Last month, Kenya became the centre of attention for conservationists when the nesting site of the Clarke’s weaver, an endangered bird found only in the country, was found in the Dakatcha woodland of Kilifi County. The woodland was then declared an Important Bird Area.
The Clarke’s weaver is a rare little yellow bird measuring a few inches, whose male has a black patch on the back, head and chest, while the female is pale yellow.
It was a landmark discovery, akin to finding a needle in a haystack, after decades of searching. It was also crucial for the survival of the species, as finding its breeding grounds would focus conservation efforts better.
The day we travelled to the Dakatcha woodland with a team from Nature Kenya, our excitement was palpable. To reach the little known 32,000 hectare Dakatcha woodland on the Kenya Coast, which has recently shot into the international limelight, I flew with renowned ornithologist Fleur Ng’weno of Nature Kenya from Nairobi to Malindi. We then headed for Hell’s Kitchen in Marafa, 50 kilometres in the county’s interior, arriving in the evening to set up camp in the moonlight.
The following day, at the crack of dawn, we set off for the wetland filled with sedges and grass, and surrounded by a brachystegia forest and a maize field. Brachystegia is a family of hardwood known as miombo in Kiswahili.
When we got there, Fleur and the team of birders from Dakatcha Woodland Conservation Group found only empty nests in the sedges. No Clarke’s weavers and their young. The team could not hide their disappointment.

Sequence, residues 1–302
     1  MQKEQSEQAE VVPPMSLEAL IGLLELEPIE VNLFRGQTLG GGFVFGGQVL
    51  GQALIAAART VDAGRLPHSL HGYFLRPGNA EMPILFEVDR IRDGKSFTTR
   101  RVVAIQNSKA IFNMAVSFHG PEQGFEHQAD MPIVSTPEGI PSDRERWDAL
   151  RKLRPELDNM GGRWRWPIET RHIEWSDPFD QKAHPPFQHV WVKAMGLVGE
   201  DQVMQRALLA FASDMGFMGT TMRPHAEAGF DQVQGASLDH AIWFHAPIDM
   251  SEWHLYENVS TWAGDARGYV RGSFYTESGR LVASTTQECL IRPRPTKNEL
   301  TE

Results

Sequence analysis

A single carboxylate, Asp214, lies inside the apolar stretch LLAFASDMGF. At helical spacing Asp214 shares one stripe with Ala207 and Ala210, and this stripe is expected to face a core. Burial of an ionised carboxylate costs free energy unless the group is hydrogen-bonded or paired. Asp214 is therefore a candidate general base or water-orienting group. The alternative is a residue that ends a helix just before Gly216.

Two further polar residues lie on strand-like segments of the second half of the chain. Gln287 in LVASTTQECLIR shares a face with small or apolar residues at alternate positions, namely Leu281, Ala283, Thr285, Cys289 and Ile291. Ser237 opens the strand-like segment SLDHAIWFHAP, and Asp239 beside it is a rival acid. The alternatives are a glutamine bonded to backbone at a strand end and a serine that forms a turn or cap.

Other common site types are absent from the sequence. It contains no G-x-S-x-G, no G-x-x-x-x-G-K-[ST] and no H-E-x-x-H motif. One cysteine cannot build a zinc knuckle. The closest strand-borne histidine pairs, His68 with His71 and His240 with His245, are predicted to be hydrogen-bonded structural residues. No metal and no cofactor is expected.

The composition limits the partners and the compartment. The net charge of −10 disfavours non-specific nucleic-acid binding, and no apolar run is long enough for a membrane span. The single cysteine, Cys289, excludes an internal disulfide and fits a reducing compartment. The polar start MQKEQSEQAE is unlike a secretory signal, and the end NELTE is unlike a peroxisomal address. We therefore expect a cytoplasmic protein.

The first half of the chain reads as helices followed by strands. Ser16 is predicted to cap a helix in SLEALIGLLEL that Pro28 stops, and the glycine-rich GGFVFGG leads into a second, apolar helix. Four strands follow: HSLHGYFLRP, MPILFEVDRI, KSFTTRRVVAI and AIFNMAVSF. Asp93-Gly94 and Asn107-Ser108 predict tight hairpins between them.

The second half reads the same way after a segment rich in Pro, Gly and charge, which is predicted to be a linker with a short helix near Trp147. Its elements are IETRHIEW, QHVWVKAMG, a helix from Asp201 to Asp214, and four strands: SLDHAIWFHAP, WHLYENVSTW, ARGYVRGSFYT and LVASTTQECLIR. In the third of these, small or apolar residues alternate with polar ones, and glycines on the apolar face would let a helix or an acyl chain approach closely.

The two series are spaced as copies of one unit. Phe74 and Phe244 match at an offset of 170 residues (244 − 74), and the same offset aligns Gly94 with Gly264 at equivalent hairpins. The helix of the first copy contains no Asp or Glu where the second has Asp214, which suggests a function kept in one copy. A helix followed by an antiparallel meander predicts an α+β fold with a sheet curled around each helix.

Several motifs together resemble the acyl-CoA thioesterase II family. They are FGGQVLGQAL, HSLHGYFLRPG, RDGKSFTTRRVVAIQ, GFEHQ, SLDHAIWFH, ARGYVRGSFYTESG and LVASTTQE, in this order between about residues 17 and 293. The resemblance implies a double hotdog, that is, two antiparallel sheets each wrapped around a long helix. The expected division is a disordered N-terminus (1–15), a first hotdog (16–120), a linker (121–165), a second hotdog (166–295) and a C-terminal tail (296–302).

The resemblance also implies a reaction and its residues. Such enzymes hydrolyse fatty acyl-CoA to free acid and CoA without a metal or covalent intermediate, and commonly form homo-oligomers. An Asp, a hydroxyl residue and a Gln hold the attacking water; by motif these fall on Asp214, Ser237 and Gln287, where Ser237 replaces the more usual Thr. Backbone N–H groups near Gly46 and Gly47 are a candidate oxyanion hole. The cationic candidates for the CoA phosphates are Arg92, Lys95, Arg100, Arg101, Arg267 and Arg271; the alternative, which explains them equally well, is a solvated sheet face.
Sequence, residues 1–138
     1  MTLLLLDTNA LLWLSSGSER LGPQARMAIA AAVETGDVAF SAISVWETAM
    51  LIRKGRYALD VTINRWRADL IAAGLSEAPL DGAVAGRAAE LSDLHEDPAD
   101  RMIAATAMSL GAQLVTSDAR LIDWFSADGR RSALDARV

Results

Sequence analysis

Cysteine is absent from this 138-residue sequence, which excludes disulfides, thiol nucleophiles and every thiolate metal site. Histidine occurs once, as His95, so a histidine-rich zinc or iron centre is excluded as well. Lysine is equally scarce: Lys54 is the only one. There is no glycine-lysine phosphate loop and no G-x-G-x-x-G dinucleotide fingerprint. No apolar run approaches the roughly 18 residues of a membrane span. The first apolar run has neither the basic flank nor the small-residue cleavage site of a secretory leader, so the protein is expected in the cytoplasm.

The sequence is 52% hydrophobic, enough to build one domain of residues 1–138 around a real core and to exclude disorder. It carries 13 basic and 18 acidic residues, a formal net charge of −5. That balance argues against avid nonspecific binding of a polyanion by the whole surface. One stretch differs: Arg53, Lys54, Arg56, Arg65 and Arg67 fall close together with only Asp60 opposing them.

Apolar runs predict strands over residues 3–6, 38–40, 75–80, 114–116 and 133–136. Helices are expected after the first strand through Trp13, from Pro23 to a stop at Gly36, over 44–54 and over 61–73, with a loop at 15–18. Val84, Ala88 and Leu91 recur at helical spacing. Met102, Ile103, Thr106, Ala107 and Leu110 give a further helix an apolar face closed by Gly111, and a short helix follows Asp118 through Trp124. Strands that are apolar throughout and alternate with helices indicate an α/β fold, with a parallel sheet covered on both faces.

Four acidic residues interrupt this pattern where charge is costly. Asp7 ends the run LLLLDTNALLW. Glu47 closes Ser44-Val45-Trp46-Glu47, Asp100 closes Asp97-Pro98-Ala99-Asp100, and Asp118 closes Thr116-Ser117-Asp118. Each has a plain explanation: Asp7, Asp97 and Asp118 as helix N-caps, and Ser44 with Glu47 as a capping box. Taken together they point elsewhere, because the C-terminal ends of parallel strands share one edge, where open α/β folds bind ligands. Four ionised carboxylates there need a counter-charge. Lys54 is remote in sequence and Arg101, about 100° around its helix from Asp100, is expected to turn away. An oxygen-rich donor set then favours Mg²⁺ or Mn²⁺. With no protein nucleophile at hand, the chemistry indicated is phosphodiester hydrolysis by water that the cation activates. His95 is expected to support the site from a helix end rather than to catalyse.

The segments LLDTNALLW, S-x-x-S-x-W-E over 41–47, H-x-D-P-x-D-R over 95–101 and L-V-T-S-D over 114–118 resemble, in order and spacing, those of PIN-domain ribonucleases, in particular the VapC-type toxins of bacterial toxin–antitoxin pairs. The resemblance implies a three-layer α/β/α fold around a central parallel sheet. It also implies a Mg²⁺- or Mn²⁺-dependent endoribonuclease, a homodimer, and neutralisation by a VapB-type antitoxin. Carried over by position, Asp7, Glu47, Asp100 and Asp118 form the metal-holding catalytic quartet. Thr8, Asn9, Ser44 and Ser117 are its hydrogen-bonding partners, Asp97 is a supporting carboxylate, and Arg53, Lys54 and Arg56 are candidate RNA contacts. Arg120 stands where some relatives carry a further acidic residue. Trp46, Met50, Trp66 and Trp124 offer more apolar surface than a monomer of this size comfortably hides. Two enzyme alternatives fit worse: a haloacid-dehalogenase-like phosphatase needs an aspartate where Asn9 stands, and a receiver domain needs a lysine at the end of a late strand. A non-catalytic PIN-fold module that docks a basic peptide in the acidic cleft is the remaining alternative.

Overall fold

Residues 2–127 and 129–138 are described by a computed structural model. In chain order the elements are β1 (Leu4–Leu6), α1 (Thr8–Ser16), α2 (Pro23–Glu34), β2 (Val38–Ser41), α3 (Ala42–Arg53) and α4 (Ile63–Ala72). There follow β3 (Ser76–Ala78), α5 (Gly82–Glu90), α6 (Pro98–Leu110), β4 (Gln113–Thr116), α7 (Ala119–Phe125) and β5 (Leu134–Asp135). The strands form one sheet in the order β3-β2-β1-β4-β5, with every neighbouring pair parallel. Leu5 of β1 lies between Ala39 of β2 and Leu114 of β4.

Earlier, on March 23, Fleur and her team from Nature Kenya and Dakatcha Woodland Conservation Group (DWCG) became the first people to discover the nesting site of the endangered Clarke’s weaver in the forests of Dakatcha and Arabuko-Sokoke, earning a place in the history conservation.
Fleur’s second mission a few weeks later was to see the breeding site.
The Dakatcha Woodland Conservation Group and A Rocha Kenya had observed the birds feeding their young in the nests in early April, thus confirming that seasonal wetlands are, indeed, the nesting site of Clarke’s weavers.
The indefatigable Fleur Ng’weno led this team. Prior to this discovery, no conservationist had associated the Clarke’s weaver with wetlands.
Fleur, a septuagenarian with the energy of someone half her age, has set out to find all about the rare bird.
“Nature Kenya identified Dakatcha Woodland as an area that really needed action because the Clarke’s weaver is globally threatened and only found in Kenya. We didn’t even know where it nested,” Fleur said.
The Clarke’s weaver has lived in the Arabuko-Sokoke forest for many years. Then in 1994, David Ngala, a guide at the forest, sighted them feeding their young in Marafa near Hell’s Kitchen, a naturally eroded sandpit of stunning sand sculptures in the Dakatcha woodland.
“Since there is a lot of brachystegia in the Dakatcha woodland, it was then presumed that Clarke’s weavers must nest here,” said Fleur.
Ngala is a recipient of the Disney Worldwide Conservation Fund’s 2012 Conservation Hero award for his work in the Arabuko-Sokoke Forest and the Peregrine Fund’s raptor conservation projects in Africa.
Fleur joined the East Africa Natural History Society (Nature Kenya) on her arrival in Kenya in 1963. She is married to renowned publisher Hilary Ng’weno.
Since her first bird walk at the Nairobi Museum car park in February 1971, she has been doing it virtually every Wednesday morning.